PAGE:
ranging from the Sierra National Forest in the southern Sierra Nevada to the Modoc
National Forest in the northeastern corner of California. In 2006 30 lakes were sampled
from eleven Wildernesses as follows:
John Muir
Ansel Adams
Dinkey Lakes
1000 Lakes
South Warner
Number of
Lakes Sampled
Monitoring Lakes
Two of the long-term monitoring lakes were sampled three times to begin to document
any with-year temporal lake chemistry variation. Outlet as well as mid-lake samples
were also collected at several of the long-term monitoring lakes, to provide information
on the option to sample only outlets in the future.
One long-term monitoring lake, Waca in Desolation Wilderness, has been monitored
eleven times since 1985; monitoring of the rest of the lakes began more recently:
Mokelumne 14
Lower Cole Creek
Caribou 8
S. Warner
1000 Lakes
Years of Data
Little East Marie
Ansel Adams
Ansel Adams
Ansel Adams
Dinkey Lakes
Years Sampled
2000, 2002-06
2000, 2003-04, 2006
2000, 2002-06
1985, 1991-93, 2000-06
1985-86, 1991-92, 2000,
Besides the long-term monitoring lakes, since 2000 over 170 other lakes have been
sampled in California Wildernesses administered by the USDA Forest Service. Fifteen
lakes in JM and HO were synoptically-sampled in 2006 to identify candidate lakes for
long-term monitoring. Their locations are mapped in Figures 1 and 2. Before summer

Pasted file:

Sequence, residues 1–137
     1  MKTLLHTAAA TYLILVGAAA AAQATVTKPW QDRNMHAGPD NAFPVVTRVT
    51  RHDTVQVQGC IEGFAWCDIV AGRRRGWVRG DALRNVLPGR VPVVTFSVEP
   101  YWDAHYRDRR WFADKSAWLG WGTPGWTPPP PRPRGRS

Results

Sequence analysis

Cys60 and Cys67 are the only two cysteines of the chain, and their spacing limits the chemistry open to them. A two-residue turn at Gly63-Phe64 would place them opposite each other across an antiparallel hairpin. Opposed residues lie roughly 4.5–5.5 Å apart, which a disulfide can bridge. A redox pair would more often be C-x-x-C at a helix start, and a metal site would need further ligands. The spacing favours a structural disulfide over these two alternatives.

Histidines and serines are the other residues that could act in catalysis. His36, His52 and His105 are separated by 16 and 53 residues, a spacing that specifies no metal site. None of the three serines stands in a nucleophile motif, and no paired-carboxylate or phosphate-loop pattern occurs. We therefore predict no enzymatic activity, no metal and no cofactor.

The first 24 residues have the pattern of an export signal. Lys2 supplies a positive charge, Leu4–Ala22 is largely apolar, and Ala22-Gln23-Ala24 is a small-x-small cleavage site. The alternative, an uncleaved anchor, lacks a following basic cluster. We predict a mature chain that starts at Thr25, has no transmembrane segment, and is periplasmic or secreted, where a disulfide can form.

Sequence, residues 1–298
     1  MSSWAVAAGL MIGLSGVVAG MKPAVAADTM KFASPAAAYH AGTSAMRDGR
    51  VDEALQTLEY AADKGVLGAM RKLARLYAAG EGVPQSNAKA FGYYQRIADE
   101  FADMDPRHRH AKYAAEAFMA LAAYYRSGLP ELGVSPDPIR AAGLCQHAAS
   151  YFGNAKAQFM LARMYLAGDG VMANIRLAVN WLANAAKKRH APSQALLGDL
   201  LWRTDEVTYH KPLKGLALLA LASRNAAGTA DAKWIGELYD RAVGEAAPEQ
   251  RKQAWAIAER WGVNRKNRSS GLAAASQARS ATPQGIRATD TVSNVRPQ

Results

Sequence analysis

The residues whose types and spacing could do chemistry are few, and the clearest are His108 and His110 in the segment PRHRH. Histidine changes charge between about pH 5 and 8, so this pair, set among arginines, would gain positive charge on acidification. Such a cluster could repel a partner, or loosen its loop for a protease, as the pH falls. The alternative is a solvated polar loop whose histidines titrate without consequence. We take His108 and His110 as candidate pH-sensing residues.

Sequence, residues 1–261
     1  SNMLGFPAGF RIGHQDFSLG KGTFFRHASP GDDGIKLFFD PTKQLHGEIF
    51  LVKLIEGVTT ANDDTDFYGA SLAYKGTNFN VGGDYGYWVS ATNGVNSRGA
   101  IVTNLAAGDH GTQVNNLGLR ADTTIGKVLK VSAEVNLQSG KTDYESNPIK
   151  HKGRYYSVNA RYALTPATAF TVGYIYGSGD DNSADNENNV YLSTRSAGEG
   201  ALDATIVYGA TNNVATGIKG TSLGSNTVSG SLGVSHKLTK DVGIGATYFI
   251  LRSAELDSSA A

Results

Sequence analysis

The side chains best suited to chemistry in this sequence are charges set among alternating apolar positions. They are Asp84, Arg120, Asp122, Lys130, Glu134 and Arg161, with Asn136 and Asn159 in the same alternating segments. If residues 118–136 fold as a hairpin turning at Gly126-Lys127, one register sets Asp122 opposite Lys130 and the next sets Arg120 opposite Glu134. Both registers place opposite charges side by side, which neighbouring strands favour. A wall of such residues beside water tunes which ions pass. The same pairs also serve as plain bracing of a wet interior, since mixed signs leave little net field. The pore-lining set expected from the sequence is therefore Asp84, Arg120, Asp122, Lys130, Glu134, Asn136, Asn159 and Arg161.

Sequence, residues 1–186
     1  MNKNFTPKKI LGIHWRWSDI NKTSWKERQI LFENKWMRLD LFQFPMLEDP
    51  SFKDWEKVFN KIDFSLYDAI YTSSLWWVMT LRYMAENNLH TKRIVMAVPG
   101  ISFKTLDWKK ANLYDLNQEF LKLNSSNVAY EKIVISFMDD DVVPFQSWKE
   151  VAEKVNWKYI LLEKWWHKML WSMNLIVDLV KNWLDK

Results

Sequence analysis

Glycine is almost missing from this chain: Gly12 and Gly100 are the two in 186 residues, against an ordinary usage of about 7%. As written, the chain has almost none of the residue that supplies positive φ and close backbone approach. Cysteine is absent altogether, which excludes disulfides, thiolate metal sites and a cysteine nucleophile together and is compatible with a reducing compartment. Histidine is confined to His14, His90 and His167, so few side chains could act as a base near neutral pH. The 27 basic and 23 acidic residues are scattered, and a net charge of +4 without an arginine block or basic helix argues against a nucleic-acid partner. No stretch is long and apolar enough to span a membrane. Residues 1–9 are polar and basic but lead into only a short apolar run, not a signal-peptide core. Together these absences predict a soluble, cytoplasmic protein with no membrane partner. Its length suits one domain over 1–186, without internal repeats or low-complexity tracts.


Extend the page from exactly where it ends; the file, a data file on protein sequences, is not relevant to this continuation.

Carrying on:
2007 several lakes in these Wildernesses will be selected for long-term monitoring,
depending upon their sensitivity to acid precursors and other factors. With selection of
long-term monitoring lakes in HO and JM, the Sierra Nevada lake monitoring network
will be complete.
This report addresses lake chemistry in the context of an early-warning monitoring
program for acidification of Wilderness lakes. The monitoring program is not a research
study, and relatively minor irregularities in the quality assurance results are not presumed
to be causes for major concern.
3.0 Objectives
This report has six primary objectives:
1) Assess the quality of selected field procedures and laboratory analyses of lake water
samples collected in 2006, specifically to identify any samples that may need re-
analysis or that otherwise may require additional action (e.g., revision of sample
type/label or deletion of the data).
Summarize the relationships between the 2006 lake chemistry and data collected in
prior monitoring (e.g., trends through time).
Identify any differences in lake chemistries among the Class I Wildernesses (e.g.,
spatial variation).
Flag any lakes having unexpected chemical concentrations in JM and HO.
Identify candidate lakes for long-term monitoring in JM and HO.
Address the option of modifying the sampling regime to collect only outlet samples in
early autumn, rather than mid-lake samples in early summer.
This report is not comprehensive in that some components of the 2006 (and earlier) data
collection are not evaluated (e.g., data from field data sheets, including water temperature
information, and zooplankton data). Nor are other potentially relevant components of the
monitoring program comprehensively addressed (e.g., adequacy of training, dataset
Figure 1. Southern John Muir
Wilderness lakes synopticallysampled in summer 2006.
Figure 2. Hoover Wilderness
lakes synoptically-sampled in
summer 2006.
4.0 Methods
To address the quality assurance objective, a variety of standardized techniques are
available. This assessment focuses on commonly-used techniques described and